January 9, 1901
The Leon Hotel
I woke alone in the hotel room — panicked, I sat up and looked at Cephas’ pocket watch on the table — almost 8:30 in the morning.
I felt like hell. I didn’t sleep well last night; Cephas came in around 3 am, smelling of cigars and something else, I think it was perfume. He tumbled into bed and commenced to snoring loudly the entire rest of the night.
But I had also been restless because I decided to see Paul Carter over in the dormitory anyway, a last minute decision. I closed my eyes as I sat up in bed, remembering our conversation….
I had to tell my best friend I wasn’t coming back to school — and Paul told me he guessed it because some of our friends had reported back to him seeing me prowling around in front of College Hall. So much for my success in remaining invisible.
He told me he understood; family comes first, and besides, he knew I wasn’t really happy at WFS. But Paul still seemed uneasy talking with me.
“Something else is going on,” I said. “Tell me.”
Paul said his mother is moving his family away from Chipley to Appling, Georgia, and will probably stay there for good.
I was floored by the news. Irritated.
“How long have you known?” Paul says since New Years.
“When were going to tell me?” Paul shrugged helplessly. “Emmett. I felt bad for all you were going through with Francis. I just didn’t think I ought to make it worse for you. I’m sorry…there hasn’t been any good time to tell you this.”
I turned away from him; damn him. I knew it wasn’t his fault, but it seemed like everything in my life was coming apart, or leaving me behind.
“Look. I plan on coming to Chipley and Marianna often. And you can visit me here, too, if you like.”
I shook my head. “No. I don’t think I’ll be back at the Seminary again.”
When I went downstairs to the hotel lobby, l saw Walter and Cephas in the dining room, having breakfast. I went over to their table; they wished me good morning, and Walter pulled out a chair next to him.
As I sat down, a waiter came over to the table and poured a cup of coffee for me. “Hungry?” Walter asked.
“No,” I said, as I poured milk into the steaming cup.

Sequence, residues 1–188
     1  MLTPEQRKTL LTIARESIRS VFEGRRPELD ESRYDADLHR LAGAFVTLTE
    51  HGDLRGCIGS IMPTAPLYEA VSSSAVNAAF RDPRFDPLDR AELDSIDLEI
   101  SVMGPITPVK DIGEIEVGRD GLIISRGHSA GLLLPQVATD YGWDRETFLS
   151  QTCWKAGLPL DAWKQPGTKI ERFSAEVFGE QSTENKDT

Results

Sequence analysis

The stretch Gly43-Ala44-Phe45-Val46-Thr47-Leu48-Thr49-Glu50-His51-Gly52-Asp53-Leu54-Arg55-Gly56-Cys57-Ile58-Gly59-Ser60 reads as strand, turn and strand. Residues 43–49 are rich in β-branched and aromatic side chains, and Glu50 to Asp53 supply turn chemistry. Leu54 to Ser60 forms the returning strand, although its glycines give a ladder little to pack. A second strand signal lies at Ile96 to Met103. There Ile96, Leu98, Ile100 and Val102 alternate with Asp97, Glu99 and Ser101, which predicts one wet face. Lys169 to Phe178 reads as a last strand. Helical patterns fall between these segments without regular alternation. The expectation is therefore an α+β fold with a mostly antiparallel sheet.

“You sure you’re OK, little brother?” Cephas asked as he peered at me over the top of The Weekly Tallahaseean.
We head back in a few hours ourselves. Going back to Marianna, I didn’t know what the future would hold. I didn’t know what I was going to be doing. God, I would be so bored…
Walter was watching me out of the corner of his eye.
Ceph stood up, drank the last of his coffee, and put the cup down. I’m going to settle up the bill, then head back up to the room and pack. Come up when you get done, OK?
Walter watched Cephas leave. He turned to me. Are you all right, Emmett? You’re awfully quiet; you seem a little down today.
Want to talk about it?
I shook my head. No, I said, quietly.
All right son, he said kindly, pushing a small dish of toast towards me. I think Walter probably knew something about what was going on, but he didn’t pry.
Well, he said, you should know that I was talking with some friends from legal circles up here, and you’ve made quite an impression on Judge D.J. Jones. Do you know him?
I looked at Walter questioningly. “Yes, for years. He’s been friends with the family as long as I can remember.”
“Judge Jones thinks a lot of you, and your father, of course. Busy man, you know. He’s a successful lawyer, a lot of cases going on.”
“Yes,” I said. I ate a few bites of toast.
“Judge Jones needs a law clerk. Someone who is precise, smart, detail oriented to help him out, and in turn, someone he could teach the ropes of running a law office. Interested?”
I paused, the toast midway to my mouth. I looked at Walter, astonished.
Walter smiled. “Who else? It’s a great opportunity, son. Your brother started out with in Chipley with Judge W.O. Butler, you know, much the same way you will, and look at where it took him.”
“Yeah,” I said, still surprised. “But wait, Walter — me? I don’t have any experience.”
“That’s OK. Jones wants to work with someone new, someone he can train to take care of his office for him. You’d be back home with your Father, of course, but at the firm all the time, and probably traveling with Jones to different courts. He needs someone smart, trustworthy, and with integrity. You’ll hear a lot of information that can go nowhere else, you understand?”
“So, I take it this is something you’d want to do?”
“Yes. Yes!” My future was looking up at that moment….
“All right, then. Congratulations, Emmett. You start on Monday, January 14. That should give you plenty of time to get settled back in Chipley.”
Communication, Arts, and the Humanities
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